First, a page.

If you see an animal that looks as if its parts don't quite match, then more than likely you're looking at an opossum. They have jaws like dogs, ears like Mickey Mouse, hairless tails like rats, feet like tiny humans, and very thick fur that makes them look much more stocky than they actually are. They surely win the award for South Carolina's funniest-looking animal, hands-down.
The opossum's odd features serve important purposes in their natural environment. Opossums are tree-dwellers by nature, but they scavenge for food on the ground. Their feet are ideally adapted for both walking on the ground and climbing trees. They also have prehensile tails that they use to carry things around and as a "fifth leg" when climbing. Young opossums may also hang or swing from tree limbs by their tails, but adult opossums are too heavy to do that. It's kind of like skipping. It's something that only kids can do.
Aside from being funny-looking, opossums are also very interesting animals. For one thing, they're the only marsupials native to North America. Their young are born as little more than embryos after an extremely short gestation, after which they must find their own way from the birth canal to their mothers' pouches. The first 13 that succeed will latch on to a teat and spend the next several months in the pouch doing little other than nursing. The rest will die.
Another thing about opossums that interests scientists is that they rarely get sick. They are remarkably resistant to most bacteria, viruses, and even the venom of all North American snakes except coral snakes.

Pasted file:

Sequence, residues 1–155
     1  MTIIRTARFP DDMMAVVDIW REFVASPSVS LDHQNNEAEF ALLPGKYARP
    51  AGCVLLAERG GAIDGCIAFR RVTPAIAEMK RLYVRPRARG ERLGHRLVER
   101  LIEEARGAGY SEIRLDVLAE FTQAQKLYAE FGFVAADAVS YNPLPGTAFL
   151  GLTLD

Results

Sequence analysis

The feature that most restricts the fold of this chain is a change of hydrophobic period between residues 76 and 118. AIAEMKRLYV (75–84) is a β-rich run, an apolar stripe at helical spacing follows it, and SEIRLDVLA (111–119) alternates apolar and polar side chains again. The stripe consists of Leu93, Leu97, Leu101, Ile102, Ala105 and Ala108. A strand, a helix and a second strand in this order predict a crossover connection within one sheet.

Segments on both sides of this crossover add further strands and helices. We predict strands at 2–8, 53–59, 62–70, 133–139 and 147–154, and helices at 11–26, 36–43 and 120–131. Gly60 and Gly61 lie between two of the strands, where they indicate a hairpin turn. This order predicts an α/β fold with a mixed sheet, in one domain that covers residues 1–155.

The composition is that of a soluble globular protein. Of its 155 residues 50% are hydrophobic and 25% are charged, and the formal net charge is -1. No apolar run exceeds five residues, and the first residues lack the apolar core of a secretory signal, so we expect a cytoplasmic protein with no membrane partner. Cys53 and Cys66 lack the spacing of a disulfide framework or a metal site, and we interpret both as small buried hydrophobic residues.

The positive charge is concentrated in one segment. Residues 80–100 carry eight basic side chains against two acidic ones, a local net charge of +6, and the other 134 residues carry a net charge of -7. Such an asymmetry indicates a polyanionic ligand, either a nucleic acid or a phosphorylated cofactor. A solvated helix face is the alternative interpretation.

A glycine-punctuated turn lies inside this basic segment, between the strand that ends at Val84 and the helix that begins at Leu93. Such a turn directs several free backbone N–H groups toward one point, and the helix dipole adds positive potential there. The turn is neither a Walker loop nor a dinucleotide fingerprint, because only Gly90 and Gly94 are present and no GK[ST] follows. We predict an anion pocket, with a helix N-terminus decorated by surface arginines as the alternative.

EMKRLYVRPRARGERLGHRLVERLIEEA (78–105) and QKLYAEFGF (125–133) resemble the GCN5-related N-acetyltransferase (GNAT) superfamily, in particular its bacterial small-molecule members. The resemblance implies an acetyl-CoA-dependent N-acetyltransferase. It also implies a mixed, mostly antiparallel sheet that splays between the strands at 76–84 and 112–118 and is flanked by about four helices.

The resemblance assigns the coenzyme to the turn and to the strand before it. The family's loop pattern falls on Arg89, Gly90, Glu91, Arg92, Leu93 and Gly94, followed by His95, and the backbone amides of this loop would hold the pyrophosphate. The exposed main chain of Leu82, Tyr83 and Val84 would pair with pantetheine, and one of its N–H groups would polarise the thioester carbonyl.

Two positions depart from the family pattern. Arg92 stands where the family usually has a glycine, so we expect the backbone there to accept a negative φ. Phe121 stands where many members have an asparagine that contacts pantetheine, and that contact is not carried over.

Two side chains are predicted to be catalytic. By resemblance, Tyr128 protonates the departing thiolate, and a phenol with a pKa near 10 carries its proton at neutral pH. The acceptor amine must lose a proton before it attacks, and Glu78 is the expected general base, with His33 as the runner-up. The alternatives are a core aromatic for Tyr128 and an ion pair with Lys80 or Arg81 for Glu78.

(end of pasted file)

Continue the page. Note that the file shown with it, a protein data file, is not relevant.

One would think that as healthy an animal as an opossum would enjoy a long life. But alas, that's not the case. Opossums have very rapid senescence, which basically means that they age rapidly. They die of old age at the age of two or three years, assuming that something else doesn't kill them first. Because they are slow-moving and have poor eyesight, many of them die when they get hit by cars. They're also preyed upon by wolves, foxes, bobcats, raptors, and other predator animals.
Opossums are scavengers by nature and will eat almost anything. In nature, eat carrion, insects, slugs, earthworms, crustaceans, small mammals, fruits, berries, and pretty much anything else. Around human-occupied areas, they're attracted to the smell of garbage in trash cans and dumpsters. A dumpster full of rancid garbage that's been sitting in the hot South Carolina sun for a day or two is like a buffet to a possum.
Although opossums rarely get ill, most wildlife biologists believe that they're able to "carry" some diseases, meaning that they may be able to harbor the causative pathogens and spread them to other animals without becoming sick themselves. Rabies may be one of those diseases.
The number of confirmed rabies cases in opossums in the United States is very low, however. Usually it's in the single digits in any given year for the whole country. Opossums, therefore, are not considered a significant rabies threat. In addition, a healthy opossum's normal behavior upon being confronted looks a lot like the way many people assume a rabid animal acts; so the fact that an opossum is snarling, hissing, and walking around clumsily doesn't mean that it's rabid. That's all normal for a possum.